Diversity courses do not reflect inclusivity

For the first time in 13 years, USC has lost its title to NYU as the lead university with the most international students, according to the Institute of International Education’s 2014 Open Door report released last Monday. The news of a falter in the longstanding tradition of inclusivity should spark conversations about diversity on campus, especially with regard to the school’s curriculum.

Irene Wang | Daily Trojan

Irene Wang | Daily Trojan

Few USC classes, for both the General Education Program and major courseworks, fulfill the diversity requirement. The bigger issue, however, is that even the courses that do fulfill the requirement do not fully promote inclusive diversity — for Asian cultures, in particular.

For example, of the 16 courses offered for GE Category I (Western Cultures and Traditions) credit in Spring 2015, only two qualify for the diversity requirement. One of these is The American Experience (HIST-100gm), described on the USC Schedule of Classes as exploring the “patterns of American development from Colonial times to the present.” It is possible, perhaps, that the course is geared towards international students. But the fact that it is one of the only GE courses that fulfills the diversity requirement suggests that it, in practice, serves as a cop-out “diversity” course taken by U.S.-born students.

The problem is exacerbated by the fact that other GE courses that explore different aspects of diversity, such as GE I’s Jewish History (JS-100g), do not fulfill the requirement.

Certain communities are also excluded. The GE Category II (Global Cultures and Traditions) requirement for next semester encompasses 18 courses, including Japanese Civilization , Race and Sexual Politics in Southeast Asia (ANTH-250g) and East Asian Societies (EASC-150g). But again, only two of these courses fulfill the diversity requirement — Peoples and Cultures of the Americas (AMST-135gm) and the African Diaspora (AMST-250gm). It seems unfair that classes based entirely on Asian cultures do not qualify for the diversity requirement. Why should the Filipino, Japanese, Chinese, Korean, Pacific Islander and Indian communities be excluded from the conversation about diversity — especially since 23 percent of the USC student population is Asian?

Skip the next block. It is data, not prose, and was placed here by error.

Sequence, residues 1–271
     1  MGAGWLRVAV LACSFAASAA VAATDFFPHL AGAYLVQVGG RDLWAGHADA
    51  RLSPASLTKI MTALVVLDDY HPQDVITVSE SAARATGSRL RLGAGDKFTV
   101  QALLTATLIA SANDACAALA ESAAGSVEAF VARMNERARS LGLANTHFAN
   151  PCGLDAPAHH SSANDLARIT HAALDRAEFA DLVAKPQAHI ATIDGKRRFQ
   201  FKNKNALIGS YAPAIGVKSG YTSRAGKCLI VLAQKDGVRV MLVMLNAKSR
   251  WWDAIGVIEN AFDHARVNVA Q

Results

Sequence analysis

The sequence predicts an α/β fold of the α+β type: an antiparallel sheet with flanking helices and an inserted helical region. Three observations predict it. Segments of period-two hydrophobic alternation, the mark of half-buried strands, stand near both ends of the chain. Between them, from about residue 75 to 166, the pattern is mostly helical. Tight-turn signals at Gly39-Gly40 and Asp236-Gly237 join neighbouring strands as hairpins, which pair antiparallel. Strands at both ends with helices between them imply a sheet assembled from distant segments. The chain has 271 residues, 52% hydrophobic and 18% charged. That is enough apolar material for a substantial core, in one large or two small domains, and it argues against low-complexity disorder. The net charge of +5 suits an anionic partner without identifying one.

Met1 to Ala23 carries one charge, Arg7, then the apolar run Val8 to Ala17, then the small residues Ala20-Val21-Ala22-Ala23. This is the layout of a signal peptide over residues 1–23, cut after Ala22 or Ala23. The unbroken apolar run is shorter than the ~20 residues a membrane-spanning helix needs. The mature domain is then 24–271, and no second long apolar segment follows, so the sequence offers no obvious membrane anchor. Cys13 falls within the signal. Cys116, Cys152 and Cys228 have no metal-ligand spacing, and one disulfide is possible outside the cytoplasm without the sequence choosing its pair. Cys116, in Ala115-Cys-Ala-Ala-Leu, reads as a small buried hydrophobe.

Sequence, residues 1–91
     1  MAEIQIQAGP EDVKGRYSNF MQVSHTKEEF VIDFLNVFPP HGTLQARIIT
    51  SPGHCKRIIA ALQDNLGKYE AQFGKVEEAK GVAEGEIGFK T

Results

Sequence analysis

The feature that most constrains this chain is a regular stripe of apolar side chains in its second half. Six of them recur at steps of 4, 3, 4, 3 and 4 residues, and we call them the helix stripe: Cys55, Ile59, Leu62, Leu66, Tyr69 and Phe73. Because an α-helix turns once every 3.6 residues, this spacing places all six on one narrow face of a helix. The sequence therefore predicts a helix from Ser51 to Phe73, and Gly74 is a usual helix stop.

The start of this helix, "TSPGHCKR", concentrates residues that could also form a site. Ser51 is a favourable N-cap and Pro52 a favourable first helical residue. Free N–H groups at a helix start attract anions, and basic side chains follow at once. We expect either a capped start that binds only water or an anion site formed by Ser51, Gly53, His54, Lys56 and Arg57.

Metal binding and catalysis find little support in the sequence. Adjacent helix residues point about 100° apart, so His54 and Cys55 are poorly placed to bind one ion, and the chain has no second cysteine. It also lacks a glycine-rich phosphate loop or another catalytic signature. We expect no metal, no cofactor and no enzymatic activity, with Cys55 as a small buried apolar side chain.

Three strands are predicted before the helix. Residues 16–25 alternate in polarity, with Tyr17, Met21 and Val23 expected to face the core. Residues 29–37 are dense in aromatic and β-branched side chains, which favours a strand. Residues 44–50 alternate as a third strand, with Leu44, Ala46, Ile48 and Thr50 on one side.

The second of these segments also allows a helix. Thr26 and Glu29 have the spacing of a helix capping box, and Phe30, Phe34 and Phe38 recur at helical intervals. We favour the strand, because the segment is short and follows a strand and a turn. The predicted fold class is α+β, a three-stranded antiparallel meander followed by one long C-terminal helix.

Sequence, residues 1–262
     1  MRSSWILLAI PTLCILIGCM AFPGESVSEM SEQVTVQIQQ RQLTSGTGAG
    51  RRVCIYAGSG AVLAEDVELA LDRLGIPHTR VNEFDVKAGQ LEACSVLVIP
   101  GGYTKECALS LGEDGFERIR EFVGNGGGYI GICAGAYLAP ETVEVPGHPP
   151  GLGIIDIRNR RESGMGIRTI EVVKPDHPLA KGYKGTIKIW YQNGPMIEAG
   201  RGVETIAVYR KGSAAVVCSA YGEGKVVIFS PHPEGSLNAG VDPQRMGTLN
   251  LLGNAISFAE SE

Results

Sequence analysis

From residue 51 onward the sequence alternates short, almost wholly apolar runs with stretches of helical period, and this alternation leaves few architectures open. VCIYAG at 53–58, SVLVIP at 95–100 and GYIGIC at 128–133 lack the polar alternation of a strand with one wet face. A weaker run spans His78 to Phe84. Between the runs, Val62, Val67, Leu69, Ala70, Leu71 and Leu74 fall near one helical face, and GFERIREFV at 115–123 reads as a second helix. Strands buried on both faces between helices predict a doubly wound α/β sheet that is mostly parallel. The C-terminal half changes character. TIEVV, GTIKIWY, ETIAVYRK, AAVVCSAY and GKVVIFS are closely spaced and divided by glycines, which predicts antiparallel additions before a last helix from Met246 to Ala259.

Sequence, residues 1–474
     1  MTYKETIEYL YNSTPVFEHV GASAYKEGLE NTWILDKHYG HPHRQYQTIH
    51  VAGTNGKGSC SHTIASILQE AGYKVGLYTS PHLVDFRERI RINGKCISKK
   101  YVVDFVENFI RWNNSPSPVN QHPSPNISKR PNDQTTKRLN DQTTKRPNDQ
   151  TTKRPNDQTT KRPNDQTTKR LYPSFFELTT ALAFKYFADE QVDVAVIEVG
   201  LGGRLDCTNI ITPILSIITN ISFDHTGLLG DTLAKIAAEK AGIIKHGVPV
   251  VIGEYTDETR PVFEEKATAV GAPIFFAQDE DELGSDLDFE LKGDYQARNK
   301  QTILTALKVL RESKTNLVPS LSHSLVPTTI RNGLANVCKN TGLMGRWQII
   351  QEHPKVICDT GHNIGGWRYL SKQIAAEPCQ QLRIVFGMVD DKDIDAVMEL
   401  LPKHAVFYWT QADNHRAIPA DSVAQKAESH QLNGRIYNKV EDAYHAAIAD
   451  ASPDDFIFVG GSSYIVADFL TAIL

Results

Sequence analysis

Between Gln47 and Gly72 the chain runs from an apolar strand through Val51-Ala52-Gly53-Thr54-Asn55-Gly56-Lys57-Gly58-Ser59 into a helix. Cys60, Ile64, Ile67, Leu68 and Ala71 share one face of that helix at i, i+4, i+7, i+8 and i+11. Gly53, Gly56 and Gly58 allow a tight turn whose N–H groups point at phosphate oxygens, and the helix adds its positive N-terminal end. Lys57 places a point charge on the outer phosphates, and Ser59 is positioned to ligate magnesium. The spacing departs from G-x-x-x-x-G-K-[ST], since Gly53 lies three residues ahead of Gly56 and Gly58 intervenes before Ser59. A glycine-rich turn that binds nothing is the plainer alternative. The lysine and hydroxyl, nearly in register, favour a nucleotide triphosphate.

When considering that Asians play an increasingly profound role in the demographics of campus and the United States as a whole, the issue becomes all the more critical. Data from a 2013 U.S. Census report predicts that the Asian and Hispanic community will soon become majority groups in the United States — and according to the Associated Press, such a shift could happen as early as 2043.

“The fact that we’re going to be the majority just shows that people need to understand where we’re coming from,” said Cindy Le, finance director of the Student Coalition for Asian Pacific Empowerment. “If people don’t understand where we come from, all these microaggressions will keep happening. Racism is still very ingrained in our system and no one is consciously aware of it because they’re not educated about it.”

The problem applies to various Asian communities. Take, for example, the Indian community. Though there are courses in the GE II requirement about Russian, Korean, Chinese and Japanese civilizations, there are no GE II courses directly about India, even though it harbors 17.5 percent of the world’s population. In fact, in the entirety of the USC curriculum, while there is one course on Southeast Asia and one on South Asia, there are no classes at USC just concerning India for Spring 2015. Considering the proliferation of Indian and Indian-American students at USC, this is startling and a little confusing.

The disparity between USC’s demographics and its curriculum might take root in a larger issue about diversity on campus. Though USC touts one of the most impressive demographics (23 percent Asian, 13 percent Hispanic, 4 percent Black or African-American, 9 percent other minorities and a whopping 13 percent international students), self-segregation on campus greatly reduces the benefits that come from going to school with so many different kinds of people.

“I think we are diverse in numbers, but we’re not a diverse community in that we don’t interact with each other and we don’t work with each other as much as we could,” Le said.

Perhaps stereotypes and racial prejudices that still present themselves on campus are due to students who are products of a society of internalized racism. Perhaps they simply don’t know any better. Or maybe, just maybe, they are not receiving an education with enough diversity. It is not enough to teach someone about the history of another country or learn about the experiences of other peoples. Diversity comes from challenging the misconceptions that we have about other groups, be it racial, economic, political or otherwise.

This goes for not just USC, but other schools planning to do the same. Last Thursday, UCLA’s Legislative Assembly gave final approval to institute a diversity requirement. As our crosstown rival’s drive for diversity shows, such an initiative has unbridled potential to instill a greater appreciation for other cultures and change the way that students think  — but only if implemented correctly, with a good variety of classes.

It is not wrong to want more from this campus, and it is not wrong to want a campus that yields diversity not just in numbers, but also in ideas. If USC prides itself on diversity, then it must commit — to both admitting people from different backgrounds and fostering a classroom environment that allows them to question their own assumptions about other people as well.